Sugar Water

Wednesday night I had dinner with Wedding Man. Wedding Man is a very interesting man that my mother met when she was here. He’s fluent in English (having worked at the Korean Consulate in Chicago), has had extremely interesting jobs that I won’t detail, and is a ninth degree black belt in taekwondo. He is 71 years old but looks like he’s in his mid-50s and has the body of a man even younger, a man who is serious about health.

We’ve had dinner twice before, as I helped him work out some wording for a bilingual wedding ceremony he was performing. He wanted to meet again before I leave Korea. We had a nice dinner, and I learned something new from his—like always—and something new about him, too.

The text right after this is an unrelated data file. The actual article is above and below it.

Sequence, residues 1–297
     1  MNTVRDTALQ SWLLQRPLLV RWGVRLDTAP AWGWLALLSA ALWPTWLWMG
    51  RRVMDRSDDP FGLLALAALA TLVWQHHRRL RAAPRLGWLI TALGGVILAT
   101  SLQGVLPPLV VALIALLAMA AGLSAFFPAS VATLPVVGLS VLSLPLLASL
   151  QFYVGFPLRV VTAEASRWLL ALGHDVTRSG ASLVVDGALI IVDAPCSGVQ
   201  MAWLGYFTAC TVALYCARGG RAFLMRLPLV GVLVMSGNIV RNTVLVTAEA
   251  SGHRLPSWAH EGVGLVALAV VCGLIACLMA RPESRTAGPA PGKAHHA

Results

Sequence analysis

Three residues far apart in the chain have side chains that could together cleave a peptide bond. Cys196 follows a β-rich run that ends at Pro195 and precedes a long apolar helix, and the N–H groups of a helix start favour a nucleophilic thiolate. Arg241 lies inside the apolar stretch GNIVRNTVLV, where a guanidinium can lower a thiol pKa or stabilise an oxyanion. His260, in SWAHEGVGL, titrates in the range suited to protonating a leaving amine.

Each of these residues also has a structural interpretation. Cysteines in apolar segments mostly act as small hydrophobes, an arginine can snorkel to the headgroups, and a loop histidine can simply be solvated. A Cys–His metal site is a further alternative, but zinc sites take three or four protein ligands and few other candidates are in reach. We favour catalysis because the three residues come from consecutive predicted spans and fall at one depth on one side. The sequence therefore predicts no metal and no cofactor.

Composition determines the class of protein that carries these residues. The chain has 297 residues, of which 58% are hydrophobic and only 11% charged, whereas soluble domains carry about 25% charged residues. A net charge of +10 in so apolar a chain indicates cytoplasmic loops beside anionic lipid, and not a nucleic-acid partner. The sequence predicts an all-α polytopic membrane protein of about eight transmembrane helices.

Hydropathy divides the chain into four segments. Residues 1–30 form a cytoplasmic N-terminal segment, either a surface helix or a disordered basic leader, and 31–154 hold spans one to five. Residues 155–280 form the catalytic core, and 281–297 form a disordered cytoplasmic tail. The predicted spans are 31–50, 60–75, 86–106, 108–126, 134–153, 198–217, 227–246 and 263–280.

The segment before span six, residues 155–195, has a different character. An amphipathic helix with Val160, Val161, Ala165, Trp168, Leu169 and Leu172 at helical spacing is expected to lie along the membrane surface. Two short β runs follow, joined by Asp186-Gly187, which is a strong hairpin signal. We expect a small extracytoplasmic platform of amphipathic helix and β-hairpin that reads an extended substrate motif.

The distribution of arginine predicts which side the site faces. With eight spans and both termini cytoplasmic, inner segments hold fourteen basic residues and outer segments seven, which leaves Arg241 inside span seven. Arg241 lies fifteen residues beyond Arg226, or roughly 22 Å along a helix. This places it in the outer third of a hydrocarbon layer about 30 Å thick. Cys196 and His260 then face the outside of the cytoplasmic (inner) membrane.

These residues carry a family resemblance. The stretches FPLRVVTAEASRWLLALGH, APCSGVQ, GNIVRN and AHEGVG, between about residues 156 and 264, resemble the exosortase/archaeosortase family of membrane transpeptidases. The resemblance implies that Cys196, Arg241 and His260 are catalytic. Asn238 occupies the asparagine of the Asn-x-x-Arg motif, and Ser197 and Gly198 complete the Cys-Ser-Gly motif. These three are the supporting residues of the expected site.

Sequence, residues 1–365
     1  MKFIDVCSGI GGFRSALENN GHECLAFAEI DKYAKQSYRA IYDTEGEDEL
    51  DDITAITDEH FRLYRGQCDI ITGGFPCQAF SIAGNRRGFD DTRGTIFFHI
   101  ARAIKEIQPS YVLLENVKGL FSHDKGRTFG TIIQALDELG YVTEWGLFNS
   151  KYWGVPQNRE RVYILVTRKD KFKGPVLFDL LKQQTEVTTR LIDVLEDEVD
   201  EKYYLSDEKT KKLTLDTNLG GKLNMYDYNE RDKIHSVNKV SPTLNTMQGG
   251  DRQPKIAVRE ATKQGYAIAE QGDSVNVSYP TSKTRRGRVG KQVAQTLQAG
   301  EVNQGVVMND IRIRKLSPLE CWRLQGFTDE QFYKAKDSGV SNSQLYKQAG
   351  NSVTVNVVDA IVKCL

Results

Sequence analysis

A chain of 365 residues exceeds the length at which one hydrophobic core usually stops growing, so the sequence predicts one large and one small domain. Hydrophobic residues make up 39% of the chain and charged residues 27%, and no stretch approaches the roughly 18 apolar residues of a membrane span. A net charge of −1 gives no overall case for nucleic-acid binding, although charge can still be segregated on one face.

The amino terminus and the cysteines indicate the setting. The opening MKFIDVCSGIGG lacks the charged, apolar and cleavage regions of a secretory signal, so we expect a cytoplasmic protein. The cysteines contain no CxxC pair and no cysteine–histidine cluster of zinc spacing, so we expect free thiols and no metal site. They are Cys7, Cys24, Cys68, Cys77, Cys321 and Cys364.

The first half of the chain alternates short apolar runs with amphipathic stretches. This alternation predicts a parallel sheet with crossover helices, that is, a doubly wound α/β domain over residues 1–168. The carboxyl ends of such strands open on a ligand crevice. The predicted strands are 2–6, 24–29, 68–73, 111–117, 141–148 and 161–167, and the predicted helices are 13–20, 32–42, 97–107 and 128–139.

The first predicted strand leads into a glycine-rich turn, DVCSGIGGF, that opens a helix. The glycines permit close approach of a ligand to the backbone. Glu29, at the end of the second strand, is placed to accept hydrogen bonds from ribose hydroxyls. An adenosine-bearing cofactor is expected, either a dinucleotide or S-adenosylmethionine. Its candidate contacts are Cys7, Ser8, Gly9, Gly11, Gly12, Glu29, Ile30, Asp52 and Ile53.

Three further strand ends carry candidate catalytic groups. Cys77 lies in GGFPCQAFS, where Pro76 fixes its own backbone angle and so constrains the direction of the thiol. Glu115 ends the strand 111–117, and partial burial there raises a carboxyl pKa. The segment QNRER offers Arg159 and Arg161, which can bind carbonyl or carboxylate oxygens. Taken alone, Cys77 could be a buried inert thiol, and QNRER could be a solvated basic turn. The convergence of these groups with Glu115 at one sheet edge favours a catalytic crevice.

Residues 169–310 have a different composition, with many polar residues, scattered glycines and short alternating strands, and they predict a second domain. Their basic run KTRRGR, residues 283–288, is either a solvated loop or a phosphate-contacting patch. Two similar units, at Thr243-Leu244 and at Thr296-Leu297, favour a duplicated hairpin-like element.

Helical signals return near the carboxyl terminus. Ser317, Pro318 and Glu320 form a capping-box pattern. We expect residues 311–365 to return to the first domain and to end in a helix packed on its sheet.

At the very end of our meal, I asked what a packet of something was. I didn’t recognize the word and he said it was a very old-fashioned, unusual word for “sugar.”

Wedding Man then ripping open a sugar packet, tipped his head back, and poured the sugar in his mouth, eyes closed.

He is a very distinguished man. And eating sugar straight from the packet is not something I would’ve expected from him.

Wedding Man said, “When I was a boy, we were so excited when Americans dropped the rations. We would run and get the tinned meat and the sugar. We mixed the sugar with water.” He paused. “We were so hungry, then.”